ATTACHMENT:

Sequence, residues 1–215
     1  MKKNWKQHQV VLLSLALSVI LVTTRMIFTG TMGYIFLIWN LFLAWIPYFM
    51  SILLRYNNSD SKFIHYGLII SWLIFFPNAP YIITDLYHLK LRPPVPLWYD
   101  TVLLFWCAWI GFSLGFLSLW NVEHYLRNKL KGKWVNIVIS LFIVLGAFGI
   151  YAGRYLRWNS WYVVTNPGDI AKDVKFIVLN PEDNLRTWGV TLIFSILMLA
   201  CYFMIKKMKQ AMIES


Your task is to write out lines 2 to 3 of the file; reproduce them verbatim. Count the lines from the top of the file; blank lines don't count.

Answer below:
     1  MKKNWKQHQV VLLSLALSVI LVTTRMIFTG TMGYIFLIWN LFLAWIPYFM
    51  SILLRYNNSD SKFIHYGLII SWLIFFPNAP YIITDLYHLK LRPPVPLWYD